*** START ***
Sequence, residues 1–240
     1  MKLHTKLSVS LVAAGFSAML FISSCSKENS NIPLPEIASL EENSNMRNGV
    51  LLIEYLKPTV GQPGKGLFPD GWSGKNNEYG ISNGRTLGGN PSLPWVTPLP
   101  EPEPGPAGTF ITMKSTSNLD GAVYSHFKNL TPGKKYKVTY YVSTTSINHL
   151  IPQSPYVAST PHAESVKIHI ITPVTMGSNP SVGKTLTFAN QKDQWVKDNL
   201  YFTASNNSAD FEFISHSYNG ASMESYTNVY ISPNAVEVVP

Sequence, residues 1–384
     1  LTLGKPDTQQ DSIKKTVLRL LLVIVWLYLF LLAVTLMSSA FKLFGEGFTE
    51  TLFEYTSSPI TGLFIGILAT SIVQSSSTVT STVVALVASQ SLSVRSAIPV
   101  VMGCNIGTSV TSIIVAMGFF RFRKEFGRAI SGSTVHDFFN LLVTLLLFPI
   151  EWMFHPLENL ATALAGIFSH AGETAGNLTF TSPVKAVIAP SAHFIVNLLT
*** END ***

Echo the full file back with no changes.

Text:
Sequence, residues 1–240
     1  MKLHTKLSVS LVAAGFSAML FISSCSKENS NIPLPEIASL EENSNMRNGV
    51  LLIEYLKPTV GQPGKGLFPD GWSGKNNEYG ISNGRTLGGN PSLPWVTPLP
   101  EPEPGPAGTF ITMKSTSNLD GAVYSHFKNL TPGKKYKVTY YVSTTSINHL
   151  IPQSPYVAST PHAESVKIHI ITPVTMGSNP SVGKTLTFAN QKDQWVKDNL
   201  YFTASNNSAD FEFISHSYNG ASMESYTNVY ISPNAVEVVP

Sequence, residues 1–384
     1  LTLGKPDTQQ DSIKKTVLRL LLVIVWLYLF LLAVTLMSSA FKLFGEGFTE
    51  TLFEYTSSPI TGLFIGILAT SIVQSSSTVT STVVALVASQ SLSVRSAIPV
   101  VMGCNIGTSV TSIIVAMGFF RFRKEFGRAI SGSTVHDFFN LLVTLLLFPI
   151  EWMFHPLENL ATALAGIFSH AGETAGNLTF TSPVKAVIAP SAHFIVNLLT